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Training Philosophy: shortcut to strength and muscle

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by Yuan

I basically had no success when I first started working out. As a beginner, I did too much work and didn’t eat enough, it’s a winning combo for anyone that wants to grow bigger and stronger (when I say winning combo, I actually mean the perfect recipe for failure and disappointment).

After a couple of months of working out, I would stop from the lack of results and try again when the next wave of motivation hit me. It wasn’t until I internalized the right beliefs and attitudes that I achieved consistent growth. There is no doubt in my mind I could have shaved years off my training if I acted according to these attitudes and beliefs from the beginning.

Beginners don’t know how things actually work

It doesn’t take much for a beginner to grow quickly and consistently. Any reasonable program will work well. The problem comes up when you don’t actually follow the program. Beginners don’t know what works and changing a bunch of variables will probably backfire on you.

Beginners are like frogs at the bottom of the well looking up at the sky, thinking the sky is only as big as the well’s opening. You can only appreciate the true vastness of the sky once you rise above the well. In the case of lifting weights, it’s growing past the beginner phase and looking back at all the stupid things you did.

If you’re stuck in the beginner phase, you can’t see all of the things you’re doing wrong. My problem was that I never paid enough attention to the diet and I modified the routines to include exercises I liked. I was the self-inflicted hardgainer. Then I had a crazy idea that changed everything:

Training Philosophy - shortcut to strength and muscles 2

I had my first breakthrough when I decided to follow a program to the letter without changing anything. To reach the dietary requirement, I weighed my food religiously, carefully calculated the total calories/macros, and planned out every meal. Instead of wasting time on changing the exercise selection, I did everything I could to improve my technique of the prescribed exercises.

The growth that followed was absolutely incredible. It may sound like common sense, but any beginner that is ‘stuck’ has these bad habits. Sometimes, people will take on these bad habits after reaching the intermediate stage and fail to make any more respectable progress. Snap out of it as fast as you can.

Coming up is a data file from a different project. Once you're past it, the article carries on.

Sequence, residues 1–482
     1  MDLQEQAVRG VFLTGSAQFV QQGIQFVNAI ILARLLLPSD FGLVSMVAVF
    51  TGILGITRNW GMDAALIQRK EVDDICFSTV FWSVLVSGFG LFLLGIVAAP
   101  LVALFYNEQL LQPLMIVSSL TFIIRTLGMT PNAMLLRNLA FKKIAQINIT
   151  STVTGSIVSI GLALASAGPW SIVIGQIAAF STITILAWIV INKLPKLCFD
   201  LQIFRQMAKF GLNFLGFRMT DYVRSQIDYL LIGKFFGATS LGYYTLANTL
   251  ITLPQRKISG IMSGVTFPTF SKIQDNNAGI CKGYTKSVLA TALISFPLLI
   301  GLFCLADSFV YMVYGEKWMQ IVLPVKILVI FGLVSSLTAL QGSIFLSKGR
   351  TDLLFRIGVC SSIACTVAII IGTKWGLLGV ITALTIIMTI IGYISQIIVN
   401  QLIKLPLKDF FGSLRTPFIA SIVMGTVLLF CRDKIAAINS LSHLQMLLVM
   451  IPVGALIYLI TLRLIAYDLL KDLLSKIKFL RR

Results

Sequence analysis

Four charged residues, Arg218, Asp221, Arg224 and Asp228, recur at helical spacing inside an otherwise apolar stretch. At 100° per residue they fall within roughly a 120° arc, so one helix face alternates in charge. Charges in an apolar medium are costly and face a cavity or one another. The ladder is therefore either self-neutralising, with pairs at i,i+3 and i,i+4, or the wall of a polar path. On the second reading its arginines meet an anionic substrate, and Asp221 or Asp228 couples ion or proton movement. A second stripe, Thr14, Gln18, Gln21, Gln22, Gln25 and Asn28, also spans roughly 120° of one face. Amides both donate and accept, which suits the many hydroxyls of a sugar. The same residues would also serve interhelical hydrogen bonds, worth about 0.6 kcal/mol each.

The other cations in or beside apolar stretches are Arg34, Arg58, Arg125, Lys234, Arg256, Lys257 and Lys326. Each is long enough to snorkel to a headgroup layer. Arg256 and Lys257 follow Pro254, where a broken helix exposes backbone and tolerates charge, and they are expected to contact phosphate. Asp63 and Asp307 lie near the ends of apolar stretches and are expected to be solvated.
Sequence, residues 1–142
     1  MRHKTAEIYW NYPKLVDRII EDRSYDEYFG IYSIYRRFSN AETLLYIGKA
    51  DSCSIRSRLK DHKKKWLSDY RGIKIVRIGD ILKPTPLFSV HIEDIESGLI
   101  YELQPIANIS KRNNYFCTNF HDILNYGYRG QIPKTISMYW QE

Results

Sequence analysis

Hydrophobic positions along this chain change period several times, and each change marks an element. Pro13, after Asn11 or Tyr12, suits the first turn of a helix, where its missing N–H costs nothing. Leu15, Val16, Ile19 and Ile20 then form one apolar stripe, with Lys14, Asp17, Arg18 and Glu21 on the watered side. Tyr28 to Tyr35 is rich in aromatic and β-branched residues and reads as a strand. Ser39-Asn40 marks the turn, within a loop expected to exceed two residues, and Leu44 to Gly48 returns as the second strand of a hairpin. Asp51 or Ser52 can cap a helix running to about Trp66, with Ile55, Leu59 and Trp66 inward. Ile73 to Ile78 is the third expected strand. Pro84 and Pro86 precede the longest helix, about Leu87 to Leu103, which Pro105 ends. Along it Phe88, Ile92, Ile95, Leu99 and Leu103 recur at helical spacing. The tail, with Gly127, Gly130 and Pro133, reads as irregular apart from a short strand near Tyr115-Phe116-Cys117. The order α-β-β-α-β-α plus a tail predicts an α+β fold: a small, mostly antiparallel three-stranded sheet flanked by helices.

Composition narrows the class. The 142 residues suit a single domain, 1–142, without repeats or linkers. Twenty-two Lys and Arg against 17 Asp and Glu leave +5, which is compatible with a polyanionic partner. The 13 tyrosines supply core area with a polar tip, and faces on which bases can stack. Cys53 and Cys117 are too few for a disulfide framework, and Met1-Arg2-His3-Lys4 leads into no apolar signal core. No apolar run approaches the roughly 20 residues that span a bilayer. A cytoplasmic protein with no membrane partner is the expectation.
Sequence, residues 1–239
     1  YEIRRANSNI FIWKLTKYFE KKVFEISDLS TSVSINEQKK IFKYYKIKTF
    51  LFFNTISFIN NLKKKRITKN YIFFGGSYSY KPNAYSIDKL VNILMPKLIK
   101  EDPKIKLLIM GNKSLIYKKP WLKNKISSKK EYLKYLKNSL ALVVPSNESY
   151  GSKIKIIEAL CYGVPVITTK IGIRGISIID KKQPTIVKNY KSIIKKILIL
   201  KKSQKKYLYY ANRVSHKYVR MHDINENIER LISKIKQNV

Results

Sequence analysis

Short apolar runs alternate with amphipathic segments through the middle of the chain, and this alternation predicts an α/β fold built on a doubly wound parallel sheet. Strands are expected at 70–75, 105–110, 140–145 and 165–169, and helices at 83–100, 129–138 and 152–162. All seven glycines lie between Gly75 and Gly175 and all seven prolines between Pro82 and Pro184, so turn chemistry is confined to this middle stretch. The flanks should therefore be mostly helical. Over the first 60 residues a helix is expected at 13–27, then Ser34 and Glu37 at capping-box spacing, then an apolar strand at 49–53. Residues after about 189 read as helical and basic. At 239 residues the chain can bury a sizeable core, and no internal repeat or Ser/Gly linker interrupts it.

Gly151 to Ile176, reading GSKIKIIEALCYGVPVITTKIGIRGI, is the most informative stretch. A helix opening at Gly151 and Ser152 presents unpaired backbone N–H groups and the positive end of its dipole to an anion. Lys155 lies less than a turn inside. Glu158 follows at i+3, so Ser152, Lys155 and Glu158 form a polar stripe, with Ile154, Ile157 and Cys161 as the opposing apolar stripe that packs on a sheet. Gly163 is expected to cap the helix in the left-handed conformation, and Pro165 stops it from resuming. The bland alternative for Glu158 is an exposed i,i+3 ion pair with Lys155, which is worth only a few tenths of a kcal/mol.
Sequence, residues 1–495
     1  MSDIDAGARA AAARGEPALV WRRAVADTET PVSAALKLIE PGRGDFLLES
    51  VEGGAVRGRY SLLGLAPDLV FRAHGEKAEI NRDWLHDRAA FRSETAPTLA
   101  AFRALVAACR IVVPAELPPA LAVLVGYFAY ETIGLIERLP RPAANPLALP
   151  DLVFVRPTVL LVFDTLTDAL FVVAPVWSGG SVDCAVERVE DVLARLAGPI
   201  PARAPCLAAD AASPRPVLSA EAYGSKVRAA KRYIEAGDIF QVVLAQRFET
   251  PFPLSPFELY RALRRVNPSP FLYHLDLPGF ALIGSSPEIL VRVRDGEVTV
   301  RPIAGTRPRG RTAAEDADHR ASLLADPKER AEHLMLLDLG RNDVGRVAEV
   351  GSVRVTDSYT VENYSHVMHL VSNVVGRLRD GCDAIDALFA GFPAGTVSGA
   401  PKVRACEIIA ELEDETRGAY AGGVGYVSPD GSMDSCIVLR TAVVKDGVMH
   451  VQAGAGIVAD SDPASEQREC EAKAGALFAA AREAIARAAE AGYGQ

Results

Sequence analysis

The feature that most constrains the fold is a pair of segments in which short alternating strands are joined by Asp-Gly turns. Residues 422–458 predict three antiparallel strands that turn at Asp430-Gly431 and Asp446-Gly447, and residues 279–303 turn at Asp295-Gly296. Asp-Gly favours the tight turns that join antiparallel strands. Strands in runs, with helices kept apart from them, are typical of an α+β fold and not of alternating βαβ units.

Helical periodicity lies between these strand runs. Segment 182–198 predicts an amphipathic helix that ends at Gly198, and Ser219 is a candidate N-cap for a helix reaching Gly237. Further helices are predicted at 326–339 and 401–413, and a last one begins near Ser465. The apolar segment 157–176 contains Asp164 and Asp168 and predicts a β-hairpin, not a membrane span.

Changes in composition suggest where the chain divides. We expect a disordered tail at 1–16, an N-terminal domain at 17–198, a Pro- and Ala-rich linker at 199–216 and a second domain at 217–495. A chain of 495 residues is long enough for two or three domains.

Greed slows you down

It was smooth sailing for a couple of months, then I got greedy. During my newbie gains, I was progressing linearly (increasing the weight every session). I made the foolish mistake of creating future projections of my major exercises and then getting attached to those numbers. “If I keep progressing at this rate, I’ll be able to squat, bench and deadlift x in no time!”

This caused me to stall a bunch of times and then I had to stop working out because I was in too much pain, it was a humbling experience. After a long break, I continued to workout and grow. Every time I got a little greedy, it resulted in a lot of wasted time. As a casual or recreational lifter, it’s always better to be on the conservative side as opposed to the over-ambitious side of making progress. Over the long term, you will grow much more successfully.

Don’t be set in your ways as an intermediate and beyond

If you take a look at how champions train, none of them share identical training routines or diets. Everyone has different strengths and weakness and the training has to support these individual differences. While the main elements of training will be very similar, it’s not uncommon to find unconventional elements in their training.

Certain things that you frown upon could turn out to be very effective. For example, I always thought that bodyweight exercises were inferior and that was a big mistake. Now I wish that I incorporated more bodyweight exercises in my earlier training because they make my joints and tendons feel amazing. Just avoid trying everything at the same time because you will overwork yourself.

If you’re trying out a new style of training like high frequency or low volume training, follow it closely for one training cycle. Don’t program hop and give it an honest effort. If you keep an open mind as an intermediate and beyond, you will make some great discoveries for more effective training.

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